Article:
How Accurate are STD Tests?
STD tests are generally regarded as accurate. They usually have a 97% to 99% sensitivity and specificity rate.
Most of the available tests, especially those from trusted laboratories and companies, are thoroughly tested before market release. They also met the standard for laboratory testing and are approved by the Food and Drug Administration.
However, there are instances where the STD test could fail, especially if the following scenarios occurred:
1. The instructions were not strictly followed.
2. The collection method was not performed as directed.
3. Specimens were not submitted on time to the partner laboratory for analysis.
While many people nowadays have become more confident with readily available STD test kits, others still prefer traditional in-office tests. With the latter, you can immediately discuss treatment options when you get a positive result in your STD test.
Nonetheless, the availability of these kits addressed one of the most critical issues of STD diagnosis. And that is confidentiality.
Years ago, people were hesitant to go to the doctor for STD-related symptoms. The stigma of STDs led to the fear of judgment.
Thereby, people would choose to hide their conditions instead of getting a precise diagnosis in exchange just to keep their sexual history private.
However, this was changed when STD tests can be ordered online and perform privately.
More options were also made available. You can opt to get tested for a single STD or STI or get the complete panel.
When Should You Take an at-Home STD Test?
It is crucial to schedule an STD test at least once a year.
But in some cases, an STD test is required frequently or immediately, especially for sexually active individuals or those who have not used protection during sex.
Here are some instances where you might have to order an STD test as soon as possible.
1. You had intercourse with an individual who was recently diagnosed with STD.
For those who have just found out about their infection, the ethical action is communicating with their sexual partner or partners and informing them of the condition. This is done to ensure that the spread of the STD is stopped.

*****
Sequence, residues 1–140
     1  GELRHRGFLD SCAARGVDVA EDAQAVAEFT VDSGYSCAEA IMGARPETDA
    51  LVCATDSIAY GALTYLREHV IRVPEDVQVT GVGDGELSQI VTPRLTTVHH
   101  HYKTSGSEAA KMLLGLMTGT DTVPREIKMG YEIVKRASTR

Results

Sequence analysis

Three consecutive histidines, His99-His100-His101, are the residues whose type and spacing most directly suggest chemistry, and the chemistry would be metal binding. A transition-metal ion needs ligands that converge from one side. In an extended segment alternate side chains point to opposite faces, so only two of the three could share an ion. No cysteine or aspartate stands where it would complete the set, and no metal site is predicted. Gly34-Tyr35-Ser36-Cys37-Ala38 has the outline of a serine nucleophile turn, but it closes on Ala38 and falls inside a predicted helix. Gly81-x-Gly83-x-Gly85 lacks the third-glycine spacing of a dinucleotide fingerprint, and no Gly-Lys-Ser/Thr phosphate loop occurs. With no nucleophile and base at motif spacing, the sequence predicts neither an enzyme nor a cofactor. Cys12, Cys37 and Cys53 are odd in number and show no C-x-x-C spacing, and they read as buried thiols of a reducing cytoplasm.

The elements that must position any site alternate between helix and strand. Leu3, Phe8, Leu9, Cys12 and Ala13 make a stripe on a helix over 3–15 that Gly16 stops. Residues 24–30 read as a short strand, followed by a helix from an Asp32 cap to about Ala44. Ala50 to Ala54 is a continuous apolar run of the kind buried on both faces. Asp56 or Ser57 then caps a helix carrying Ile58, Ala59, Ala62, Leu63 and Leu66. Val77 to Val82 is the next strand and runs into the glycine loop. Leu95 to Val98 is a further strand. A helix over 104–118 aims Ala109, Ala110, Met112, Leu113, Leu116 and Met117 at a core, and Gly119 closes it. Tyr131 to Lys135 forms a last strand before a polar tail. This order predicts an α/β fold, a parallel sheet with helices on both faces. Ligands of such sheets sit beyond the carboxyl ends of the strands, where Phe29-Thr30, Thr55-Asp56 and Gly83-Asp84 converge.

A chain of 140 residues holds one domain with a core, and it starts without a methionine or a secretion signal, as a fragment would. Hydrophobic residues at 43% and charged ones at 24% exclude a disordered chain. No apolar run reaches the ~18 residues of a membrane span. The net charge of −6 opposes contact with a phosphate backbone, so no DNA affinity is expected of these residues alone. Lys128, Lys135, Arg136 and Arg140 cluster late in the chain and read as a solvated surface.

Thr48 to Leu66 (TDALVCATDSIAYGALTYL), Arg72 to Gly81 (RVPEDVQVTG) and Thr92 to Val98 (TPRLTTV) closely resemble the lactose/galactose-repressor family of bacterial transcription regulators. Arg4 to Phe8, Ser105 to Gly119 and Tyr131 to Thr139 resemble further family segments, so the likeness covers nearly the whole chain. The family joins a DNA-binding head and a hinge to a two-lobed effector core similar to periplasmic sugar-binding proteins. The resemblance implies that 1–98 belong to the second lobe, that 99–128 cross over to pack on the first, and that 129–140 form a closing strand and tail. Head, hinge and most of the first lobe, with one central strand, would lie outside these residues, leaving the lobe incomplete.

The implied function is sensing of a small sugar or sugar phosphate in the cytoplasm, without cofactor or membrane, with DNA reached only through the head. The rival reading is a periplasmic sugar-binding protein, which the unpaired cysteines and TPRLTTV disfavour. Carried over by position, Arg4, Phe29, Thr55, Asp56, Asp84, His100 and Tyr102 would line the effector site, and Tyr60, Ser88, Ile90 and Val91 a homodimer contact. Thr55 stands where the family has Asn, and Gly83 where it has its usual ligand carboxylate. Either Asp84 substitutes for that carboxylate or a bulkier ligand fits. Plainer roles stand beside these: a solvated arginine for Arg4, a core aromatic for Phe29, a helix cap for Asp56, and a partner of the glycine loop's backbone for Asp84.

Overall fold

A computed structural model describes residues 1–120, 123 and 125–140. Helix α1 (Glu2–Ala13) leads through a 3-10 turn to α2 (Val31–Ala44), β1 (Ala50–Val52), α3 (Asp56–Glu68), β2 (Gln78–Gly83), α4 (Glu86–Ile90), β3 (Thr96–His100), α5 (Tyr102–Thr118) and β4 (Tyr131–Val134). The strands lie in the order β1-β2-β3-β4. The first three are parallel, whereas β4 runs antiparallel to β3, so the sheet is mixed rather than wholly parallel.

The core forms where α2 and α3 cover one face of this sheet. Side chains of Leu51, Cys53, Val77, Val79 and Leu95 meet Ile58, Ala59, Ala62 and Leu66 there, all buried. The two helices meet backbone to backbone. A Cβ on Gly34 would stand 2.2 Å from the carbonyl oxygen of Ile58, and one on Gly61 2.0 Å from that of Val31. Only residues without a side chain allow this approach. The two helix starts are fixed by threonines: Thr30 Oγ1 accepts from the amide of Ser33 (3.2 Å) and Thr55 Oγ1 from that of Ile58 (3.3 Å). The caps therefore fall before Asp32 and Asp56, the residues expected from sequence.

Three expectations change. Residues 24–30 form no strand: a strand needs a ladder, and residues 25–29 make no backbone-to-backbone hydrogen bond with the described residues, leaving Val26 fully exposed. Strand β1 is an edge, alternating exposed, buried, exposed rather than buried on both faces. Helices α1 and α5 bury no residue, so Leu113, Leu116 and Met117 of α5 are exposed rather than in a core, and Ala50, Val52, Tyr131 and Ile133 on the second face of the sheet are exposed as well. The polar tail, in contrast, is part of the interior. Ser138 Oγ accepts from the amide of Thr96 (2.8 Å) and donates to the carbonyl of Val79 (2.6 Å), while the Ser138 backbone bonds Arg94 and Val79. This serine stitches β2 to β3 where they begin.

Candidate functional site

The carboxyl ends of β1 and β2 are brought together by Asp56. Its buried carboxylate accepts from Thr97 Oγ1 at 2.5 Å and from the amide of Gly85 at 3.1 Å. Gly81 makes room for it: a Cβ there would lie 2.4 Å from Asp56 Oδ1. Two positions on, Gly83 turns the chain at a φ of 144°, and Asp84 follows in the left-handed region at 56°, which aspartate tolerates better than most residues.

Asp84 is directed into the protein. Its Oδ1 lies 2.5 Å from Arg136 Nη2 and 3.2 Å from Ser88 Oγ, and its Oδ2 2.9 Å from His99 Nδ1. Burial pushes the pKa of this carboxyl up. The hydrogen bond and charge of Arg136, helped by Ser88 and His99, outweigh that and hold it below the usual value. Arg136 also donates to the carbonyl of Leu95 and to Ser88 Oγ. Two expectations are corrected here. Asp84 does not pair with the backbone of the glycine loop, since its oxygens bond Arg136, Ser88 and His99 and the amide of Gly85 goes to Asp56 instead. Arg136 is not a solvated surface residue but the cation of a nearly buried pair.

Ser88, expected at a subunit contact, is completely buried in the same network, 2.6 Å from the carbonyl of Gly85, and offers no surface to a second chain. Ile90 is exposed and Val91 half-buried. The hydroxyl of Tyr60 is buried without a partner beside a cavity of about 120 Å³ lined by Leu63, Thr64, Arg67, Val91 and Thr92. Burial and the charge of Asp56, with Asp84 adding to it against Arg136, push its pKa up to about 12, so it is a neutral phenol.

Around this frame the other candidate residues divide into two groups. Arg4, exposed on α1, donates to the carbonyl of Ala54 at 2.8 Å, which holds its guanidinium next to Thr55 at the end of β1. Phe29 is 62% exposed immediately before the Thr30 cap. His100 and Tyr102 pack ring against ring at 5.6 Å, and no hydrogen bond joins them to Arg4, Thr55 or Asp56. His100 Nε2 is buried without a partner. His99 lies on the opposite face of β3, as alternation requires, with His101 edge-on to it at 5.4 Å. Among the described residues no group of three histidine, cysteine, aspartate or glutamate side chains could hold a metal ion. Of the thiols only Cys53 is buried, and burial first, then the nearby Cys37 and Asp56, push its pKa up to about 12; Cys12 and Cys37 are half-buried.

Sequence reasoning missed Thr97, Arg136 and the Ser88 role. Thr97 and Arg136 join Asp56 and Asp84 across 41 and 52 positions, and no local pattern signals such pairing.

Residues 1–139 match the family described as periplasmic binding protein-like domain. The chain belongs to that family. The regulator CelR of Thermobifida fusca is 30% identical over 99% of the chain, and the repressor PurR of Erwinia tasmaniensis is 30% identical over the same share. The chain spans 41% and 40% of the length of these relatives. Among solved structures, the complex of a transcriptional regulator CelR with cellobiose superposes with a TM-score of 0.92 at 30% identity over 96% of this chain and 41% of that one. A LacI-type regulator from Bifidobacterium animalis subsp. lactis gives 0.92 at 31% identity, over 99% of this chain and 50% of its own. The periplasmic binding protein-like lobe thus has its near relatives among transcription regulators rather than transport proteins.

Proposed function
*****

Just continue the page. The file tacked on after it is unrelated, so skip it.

If you receive this kind of information, you must take the STD test at once.
It doesn’t matter if you have the symptoms or not since some STDs can be asymptomatic. You may have a robust immune response to the infection, but you can still be a carrier.
If left untreated, the STD will continue to be transmitted to your partner.
2. You observed symptoms of STD.
If you are sexually active and have noticed something unusual which could be suggestive of an STD, the best thing to do next and get tested.
Even without knowing whether your partner has an STD or not, it is vital that you get the correct diagnosis.
The following are common symptoms of STDs you can use as a reference:
- Unusual or foul discharge from the penis or vagina
- Burning sensation during urination
- Sores and blisters on the genital, oral, or rectal areas
- Itching or discomfort around the genital area
- Painful intercourse
- Bleeding between periods for women
- Testicular pain in men
Which Test Should You Take?
Choosing an STD test mostly depends on your purpose.
These panels contain tests for common STDs. Having them all in one product will save you from the hassle of ordering STD tests one by one.
You can also order these tests if you suspect STD but you’re not sure which one you’ve contracted.
On the other hand, if you intend to test for a specific infection, you can simply order that particular STD test.
If you don’t know where to find these STD tests, you can always check Personalab’s Sexual Health Blood Tests to find the one you need.
In a Nutshell
Testing for STD can be a stressful experience, let alone getting a positive result. But if you fix your thoughts to the treatment plan instead of the condition, it could help ease up the burden.
On top of that, STD tests provide convenience and accuracy of testing.
Don’t hesitate to get tested to keep your sexual health optimal.